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Re: Who can make binding legal agreements

John Goerzen writes ("Re: Who can make binding legal agreements"):
> First, I don't believe that SPI has ever granted anyone the ability to
> enter into legally-binding agreements to indemnify (which means to use
> our resources to defend) third parties.  I may be mistaken, though.
> Could you please point out where you believe you derive this ability?

I don't think any of the people who made (and are supporting) the
decision to ship Sun's Java are saying that SPI has indemnified Sun.

> Secondly, I am saying that you should have contacted SPI *first*, so
> we could get advice from our attorney, and enter into agreements
> properly.

This is definitely wrong.  SPI should not be involved in licence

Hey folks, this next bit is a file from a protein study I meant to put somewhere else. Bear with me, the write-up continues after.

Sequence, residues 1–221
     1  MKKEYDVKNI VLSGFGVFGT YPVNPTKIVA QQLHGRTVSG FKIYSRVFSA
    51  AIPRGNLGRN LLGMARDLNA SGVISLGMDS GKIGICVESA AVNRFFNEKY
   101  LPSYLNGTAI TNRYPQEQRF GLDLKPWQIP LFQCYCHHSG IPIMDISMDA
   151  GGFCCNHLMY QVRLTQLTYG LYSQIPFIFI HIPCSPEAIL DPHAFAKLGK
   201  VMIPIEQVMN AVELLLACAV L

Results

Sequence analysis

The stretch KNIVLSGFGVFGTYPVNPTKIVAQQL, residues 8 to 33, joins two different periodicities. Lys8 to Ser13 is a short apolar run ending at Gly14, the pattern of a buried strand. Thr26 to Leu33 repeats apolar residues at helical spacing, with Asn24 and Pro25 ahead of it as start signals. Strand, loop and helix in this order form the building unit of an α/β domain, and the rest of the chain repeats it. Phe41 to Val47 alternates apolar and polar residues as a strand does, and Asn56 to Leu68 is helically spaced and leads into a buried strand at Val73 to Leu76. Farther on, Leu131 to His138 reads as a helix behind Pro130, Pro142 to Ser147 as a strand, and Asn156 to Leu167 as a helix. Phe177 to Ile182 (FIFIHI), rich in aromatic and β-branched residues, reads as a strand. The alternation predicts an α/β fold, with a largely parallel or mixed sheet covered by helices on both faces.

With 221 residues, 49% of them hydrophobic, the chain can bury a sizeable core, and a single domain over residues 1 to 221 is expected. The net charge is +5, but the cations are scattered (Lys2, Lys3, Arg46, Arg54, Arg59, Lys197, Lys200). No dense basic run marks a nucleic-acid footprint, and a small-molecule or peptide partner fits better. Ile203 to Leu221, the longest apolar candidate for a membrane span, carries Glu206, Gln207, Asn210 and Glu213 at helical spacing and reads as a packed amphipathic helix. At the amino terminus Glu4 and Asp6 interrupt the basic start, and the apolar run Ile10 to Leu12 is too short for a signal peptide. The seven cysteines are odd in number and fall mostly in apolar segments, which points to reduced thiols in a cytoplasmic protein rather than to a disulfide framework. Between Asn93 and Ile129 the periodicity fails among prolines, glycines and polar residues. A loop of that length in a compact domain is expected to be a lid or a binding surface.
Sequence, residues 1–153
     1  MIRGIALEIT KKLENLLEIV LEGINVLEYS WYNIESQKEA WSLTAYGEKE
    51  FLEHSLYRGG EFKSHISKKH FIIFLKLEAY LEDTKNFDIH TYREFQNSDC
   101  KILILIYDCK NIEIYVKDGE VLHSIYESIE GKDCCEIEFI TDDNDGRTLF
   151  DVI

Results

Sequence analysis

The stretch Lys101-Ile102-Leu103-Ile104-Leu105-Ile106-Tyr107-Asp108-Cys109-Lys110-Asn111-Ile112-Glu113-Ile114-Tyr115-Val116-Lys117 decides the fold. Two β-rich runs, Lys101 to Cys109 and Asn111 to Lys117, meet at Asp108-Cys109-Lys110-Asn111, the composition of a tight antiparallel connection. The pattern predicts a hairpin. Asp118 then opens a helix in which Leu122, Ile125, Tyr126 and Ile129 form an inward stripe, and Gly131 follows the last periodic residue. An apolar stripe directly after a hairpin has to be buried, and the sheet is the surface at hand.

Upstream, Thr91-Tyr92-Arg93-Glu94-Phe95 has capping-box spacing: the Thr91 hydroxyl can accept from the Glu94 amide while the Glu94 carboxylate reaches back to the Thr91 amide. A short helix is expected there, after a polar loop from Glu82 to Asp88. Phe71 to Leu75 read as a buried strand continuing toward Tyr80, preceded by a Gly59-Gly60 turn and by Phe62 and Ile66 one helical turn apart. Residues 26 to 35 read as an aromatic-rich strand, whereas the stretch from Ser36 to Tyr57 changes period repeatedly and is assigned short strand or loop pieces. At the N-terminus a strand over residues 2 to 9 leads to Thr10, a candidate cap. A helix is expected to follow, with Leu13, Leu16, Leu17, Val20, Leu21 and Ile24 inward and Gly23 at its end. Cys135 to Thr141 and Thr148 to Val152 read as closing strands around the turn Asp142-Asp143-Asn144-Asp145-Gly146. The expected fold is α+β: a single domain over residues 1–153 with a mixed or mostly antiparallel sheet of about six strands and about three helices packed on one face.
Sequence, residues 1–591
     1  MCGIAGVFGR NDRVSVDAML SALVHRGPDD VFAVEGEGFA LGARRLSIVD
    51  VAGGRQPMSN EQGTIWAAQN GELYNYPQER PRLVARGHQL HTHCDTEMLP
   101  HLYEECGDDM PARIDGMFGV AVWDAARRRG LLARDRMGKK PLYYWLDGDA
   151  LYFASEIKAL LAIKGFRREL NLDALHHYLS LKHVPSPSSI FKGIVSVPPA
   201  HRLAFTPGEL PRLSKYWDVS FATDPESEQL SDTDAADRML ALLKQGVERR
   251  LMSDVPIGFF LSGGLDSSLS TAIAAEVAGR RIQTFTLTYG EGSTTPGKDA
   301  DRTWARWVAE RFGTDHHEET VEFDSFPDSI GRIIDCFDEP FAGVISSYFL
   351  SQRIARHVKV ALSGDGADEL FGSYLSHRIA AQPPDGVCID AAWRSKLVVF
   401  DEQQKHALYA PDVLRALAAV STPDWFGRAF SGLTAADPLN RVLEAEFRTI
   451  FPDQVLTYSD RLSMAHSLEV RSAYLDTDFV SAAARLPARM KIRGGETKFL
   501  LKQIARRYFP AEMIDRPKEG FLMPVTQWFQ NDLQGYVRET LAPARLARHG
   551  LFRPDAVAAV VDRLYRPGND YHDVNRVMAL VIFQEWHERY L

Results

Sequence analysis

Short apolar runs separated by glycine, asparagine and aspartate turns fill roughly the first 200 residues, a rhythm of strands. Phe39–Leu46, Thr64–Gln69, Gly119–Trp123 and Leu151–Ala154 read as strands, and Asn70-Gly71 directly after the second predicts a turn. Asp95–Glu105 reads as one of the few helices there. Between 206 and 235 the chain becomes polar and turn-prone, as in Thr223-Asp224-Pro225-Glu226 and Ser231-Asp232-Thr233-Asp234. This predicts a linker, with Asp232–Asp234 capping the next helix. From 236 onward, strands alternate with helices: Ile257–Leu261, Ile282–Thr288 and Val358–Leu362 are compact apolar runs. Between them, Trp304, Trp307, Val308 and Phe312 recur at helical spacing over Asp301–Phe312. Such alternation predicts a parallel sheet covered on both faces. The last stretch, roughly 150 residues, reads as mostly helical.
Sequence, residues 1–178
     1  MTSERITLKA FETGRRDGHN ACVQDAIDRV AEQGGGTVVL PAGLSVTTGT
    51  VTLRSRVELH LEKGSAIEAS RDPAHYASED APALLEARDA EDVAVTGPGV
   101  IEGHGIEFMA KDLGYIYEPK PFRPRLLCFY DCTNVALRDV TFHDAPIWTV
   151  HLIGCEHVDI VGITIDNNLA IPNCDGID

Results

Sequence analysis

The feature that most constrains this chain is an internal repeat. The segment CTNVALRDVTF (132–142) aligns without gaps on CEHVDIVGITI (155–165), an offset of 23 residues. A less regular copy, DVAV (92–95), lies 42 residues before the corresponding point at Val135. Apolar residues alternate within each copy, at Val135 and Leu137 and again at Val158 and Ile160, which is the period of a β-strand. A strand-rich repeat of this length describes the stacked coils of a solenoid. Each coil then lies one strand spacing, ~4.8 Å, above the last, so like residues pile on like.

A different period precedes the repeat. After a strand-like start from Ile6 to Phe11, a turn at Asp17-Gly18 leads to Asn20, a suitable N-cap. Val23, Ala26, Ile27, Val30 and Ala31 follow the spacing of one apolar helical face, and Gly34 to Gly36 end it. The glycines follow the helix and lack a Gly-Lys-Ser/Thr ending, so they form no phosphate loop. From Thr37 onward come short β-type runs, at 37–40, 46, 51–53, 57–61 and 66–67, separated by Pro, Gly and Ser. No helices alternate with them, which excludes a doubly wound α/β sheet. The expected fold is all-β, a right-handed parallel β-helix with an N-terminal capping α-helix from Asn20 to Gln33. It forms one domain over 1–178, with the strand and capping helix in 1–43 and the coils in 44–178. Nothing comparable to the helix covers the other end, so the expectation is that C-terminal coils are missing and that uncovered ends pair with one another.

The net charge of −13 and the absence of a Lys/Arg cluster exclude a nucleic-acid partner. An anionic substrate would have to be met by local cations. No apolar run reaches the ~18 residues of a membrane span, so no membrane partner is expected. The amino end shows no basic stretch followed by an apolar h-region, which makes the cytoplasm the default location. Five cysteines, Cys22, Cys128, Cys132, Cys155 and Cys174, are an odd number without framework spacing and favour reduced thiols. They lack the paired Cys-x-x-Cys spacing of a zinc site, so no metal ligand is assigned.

approval.  Firstly, because licence approval is often a political
decision for Debian.  And secondly because SPI is not the licencee and
it is very important for this to remain clear.  The licencees are
Debian's developers, ftpmasters, users, mirror operators, etc.

SPI acts more or less in the role of an ISP: we provide some hardware
(eg, we own the actual servers and in some cases have hosting
agreements).  So if we are notified that SPI property is being used
(by Debian developers or by anyone else) to violate a copyright then
we will act to prevent ourselves from being liable for contributory
infringement.  But in this case it seems clear that Sun are happy with
the situation, so there is no actual infringement.  And of course
Debian already has an existing and very responsive notice-and-takedown
procedure which means that SPI rarely has to get involved.


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